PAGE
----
By Taran Adarsh, Bollywood Hungama News Network
Post KHILADI and BAAZIGAR, Abbas-Mustan rightfully earned the tag of being the undisputed Badshaahs of Thrillers. They made a series of films thereafter -- of varied genres -- but every time they attempted a thriller, the comparisons with KHILADI and BAAZIGAR were inevitable. That’s because Abbas-Mustan couldn’t outdo these two films ever.
The director duo’s latest offering RACE, which packs glitz, glam and style with A-listers [on and off screen], carries the baggage of tremendous expectations. The stars, the stunning locales, the breath-taking visuals, the mesmeric songs, the electrifying chase, the chic styling -- everything you see on screen resembles an international flick.
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But the million dollar question is, does it live up to the humungous expectations? Does it have its heart in the right place? Thankfully, it does!
RACE is Abbas-Mustan’s most accomplished work, after BAAZIGAR. Any thriller works if and only if the story has the edge-of-the-seat moments and which catches you unawares as the reels unfold. RACE has that quality. The story moves in a serpentine manner, there’s a twist every fifteen minutes and it’s impossible to guess what the culmination would be.
In a nutshell, RACE is a first-rate product all the way. It’s not just style, but there’s substance as well. It has the merits to get catapulted to the Bests of 2008, when you reflect on the year. Bravo!
Ranvir [Saif Ali Khan] and Rajiv [Akshaye Khanna] are step-brothers who own a huge stud farm in Durban, South Africa. They breed horses on their huge ranch house and are also the biggest bookies in the horse racing circuit. Ranvir, the elder of the two, is known to be a very shrewd man. He is very aggressive and is always on the move. Rajiv, on the other hand, is very laidback and is also a chronic alcoholic.
Sophia [Katrina Kaif] is Ranvir’s personal secretary. She adores her boss and loves him. Ranvir is totally unaware of her feeling and regards her adoration as her efficiency. Sonia [Bipasha Basu] is an upcoming Indian ramp model in Durban.
Sonia loves Ranvir, but through a twist of fate gets married to Rajiv. When she discovers that Rajiv is a chronic alcoholic, her world is shattered. Ranvir too is disturbed as he has sacrificed his love for his younger brother because Rajiv had promised him that if he gets married to Sonia, he will leave alcohol forever.
After marriage, Rajiv breaks his promise and the story starts getting complicated. In a weak moment, Ranvir and Sonia come very close to each other and an affair starts between the younger brother’s wife and the elder brother. When the younger brother starts suspecting his wife, all hell breaks loose.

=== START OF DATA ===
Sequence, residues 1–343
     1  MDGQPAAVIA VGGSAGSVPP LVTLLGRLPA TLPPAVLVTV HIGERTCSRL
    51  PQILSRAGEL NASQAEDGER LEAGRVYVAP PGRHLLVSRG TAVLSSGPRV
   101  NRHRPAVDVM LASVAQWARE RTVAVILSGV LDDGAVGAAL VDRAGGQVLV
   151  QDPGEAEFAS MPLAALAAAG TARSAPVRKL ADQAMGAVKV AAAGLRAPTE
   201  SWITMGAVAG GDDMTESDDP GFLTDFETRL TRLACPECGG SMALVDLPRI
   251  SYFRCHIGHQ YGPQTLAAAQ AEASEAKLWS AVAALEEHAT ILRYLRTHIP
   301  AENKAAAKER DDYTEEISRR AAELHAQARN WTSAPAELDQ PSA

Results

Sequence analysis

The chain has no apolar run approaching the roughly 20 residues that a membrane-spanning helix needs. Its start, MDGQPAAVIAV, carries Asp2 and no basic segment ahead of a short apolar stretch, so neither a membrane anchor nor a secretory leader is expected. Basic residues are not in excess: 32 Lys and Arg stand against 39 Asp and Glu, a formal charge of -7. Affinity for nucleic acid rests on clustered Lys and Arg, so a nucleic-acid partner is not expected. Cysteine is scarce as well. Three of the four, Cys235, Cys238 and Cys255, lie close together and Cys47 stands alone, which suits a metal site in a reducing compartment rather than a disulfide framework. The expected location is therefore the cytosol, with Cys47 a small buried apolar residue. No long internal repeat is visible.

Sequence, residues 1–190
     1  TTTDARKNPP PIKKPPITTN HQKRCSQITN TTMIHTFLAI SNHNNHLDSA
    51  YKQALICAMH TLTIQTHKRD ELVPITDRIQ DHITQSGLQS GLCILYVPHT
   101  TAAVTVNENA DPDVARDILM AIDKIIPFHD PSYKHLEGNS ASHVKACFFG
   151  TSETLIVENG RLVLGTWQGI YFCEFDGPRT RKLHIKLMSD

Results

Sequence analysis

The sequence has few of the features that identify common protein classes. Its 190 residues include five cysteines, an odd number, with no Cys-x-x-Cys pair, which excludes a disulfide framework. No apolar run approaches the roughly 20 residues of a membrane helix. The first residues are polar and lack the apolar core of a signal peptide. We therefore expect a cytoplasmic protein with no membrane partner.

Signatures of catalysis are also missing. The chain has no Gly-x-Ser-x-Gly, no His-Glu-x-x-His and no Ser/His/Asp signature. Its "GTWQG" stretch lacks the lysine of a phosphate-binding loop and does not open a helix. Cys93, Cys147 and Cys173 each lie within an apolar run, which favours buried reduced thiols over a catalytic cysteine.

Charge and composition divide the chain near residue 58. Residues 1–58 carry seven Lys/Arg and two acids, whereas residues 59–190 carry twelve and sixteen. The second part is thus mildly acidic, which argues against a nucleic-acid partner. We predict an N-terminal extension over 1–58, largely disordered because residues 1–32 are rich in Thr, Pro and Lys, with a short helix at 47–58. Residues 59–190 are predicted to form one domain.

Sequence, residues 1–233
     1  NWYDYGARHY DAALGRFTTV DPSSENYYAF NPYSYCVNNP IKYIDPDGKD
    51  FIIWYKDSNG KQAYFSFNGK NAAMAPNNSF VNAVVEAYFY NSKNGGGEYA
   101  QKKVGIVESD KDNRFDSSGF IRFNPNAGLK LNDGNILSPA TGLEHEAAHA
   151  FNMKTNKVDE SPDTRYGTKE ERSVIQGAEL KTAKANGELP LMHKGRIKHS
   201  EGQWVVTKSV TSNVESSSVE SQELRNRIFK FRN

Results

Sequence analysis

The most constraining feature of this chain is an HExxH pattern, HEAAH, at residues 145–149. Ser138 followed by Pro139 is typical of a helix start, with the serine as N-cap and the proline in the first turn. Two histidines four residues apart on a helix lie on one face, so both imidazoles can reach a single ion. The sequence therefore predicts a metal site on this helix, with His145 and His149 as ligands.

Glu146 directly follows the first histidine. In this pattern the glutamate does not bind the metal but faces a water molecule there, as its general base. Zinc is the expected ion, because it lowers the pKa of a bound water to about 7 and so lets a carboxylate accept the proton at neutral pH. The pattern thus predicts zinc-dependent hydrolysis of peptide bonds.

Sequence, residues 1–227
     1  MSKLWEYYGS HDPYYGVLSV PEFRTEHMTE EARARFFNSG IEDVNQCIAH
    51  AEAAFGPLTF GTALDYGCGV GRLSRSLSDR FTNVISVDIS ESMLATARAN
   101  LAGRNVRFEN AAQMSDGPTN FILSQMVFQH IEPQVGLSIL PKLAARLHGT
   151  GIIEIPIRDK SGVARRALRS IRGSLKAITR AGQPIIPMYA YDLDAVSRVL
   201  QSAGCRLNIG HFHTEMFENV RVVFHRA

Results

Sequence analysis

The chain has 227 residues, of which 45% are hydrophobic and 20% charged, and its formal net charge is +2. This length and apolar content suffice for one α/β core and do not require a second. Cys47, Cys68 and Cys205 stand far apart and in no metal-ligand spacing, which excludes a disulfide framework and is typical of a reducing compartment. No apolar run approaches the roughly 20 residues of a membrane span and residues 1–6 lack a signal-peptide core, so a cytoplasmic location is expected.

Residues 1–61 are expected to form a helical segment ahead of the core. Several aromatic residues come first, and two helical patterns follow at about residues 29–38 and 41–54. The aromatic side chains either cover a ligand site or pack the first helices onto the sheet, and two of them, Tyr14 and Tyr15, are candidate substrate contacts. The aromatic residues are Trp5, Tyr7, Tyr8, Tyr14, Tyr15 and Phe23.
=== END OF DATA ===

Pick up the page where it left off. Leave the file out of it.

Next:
A murder is committed, a contract killing is issued, double crossings become the order of the day… A sharp-tongued investigative officer R.D. [Anil Kapoor] starts an investigation with his brainless assistant Mini [Sameera Reddy].
Director duo Abbas-Mustan are in complete command this time around. Everything is so well synchronized that the end result leaves you awe-struck. The 2 + hours of your precious life that you’ve spent on this film are absolutely worth your while. In 36 CHINA TOWN and NAQAAB specifically, one disagreed with the climax. But the penultimate reels of RACE are foolproof.
Abbas-Mustan get it right this time. Right from the choice of subject, to the choice of actors, to the thrilling moments, music and locales, this thrill-a-minute saga works big time. The game of one-upmanship indulged by the two brothers is electrifying and easily the hallmark of the enterprise.
Writer Shiraz Ahmed’s screenplay has several moments that merit a mention. The best part is, the writing is full of energy and surprises, not once does it take the been-there-seen-that route. It would be foolhardy to single out a few sequences since the film gathers speed from its inception itself. One of its USPs is that every character is out to double cross the other, each character has grey shades and the dangerous games they indulge in make it an exhilarating cinematic experience.
Ravi Yadav’s cinematography is topnotch. The stunning locales of Durban, Dubai and India are captured lucidly by the DoP. But, most importantly, the movement of the camera at several places deserves the highest praise. Note the very start of the film [the aerial view, right till the gruesome accident] or the car chase in the climax [never seen before on the Hindi screen], the camerawork is stunning.
Pritam’s music rocks. Generally, in most thrillers, the music takes a backseat, but not here. ‘Allah Duhai Hai’ [foot-tapping], ‘Pehli Nazar Mein’ [with soulful rendition by Atif Aslam], ‘Touch Me’ [very saucy] and ‘Sexy Lady’ [the new track; trendy] are terrific compositions all and their filming and choreography are masterly. The fact that the yuppie crowd has taken to the songs in a big way,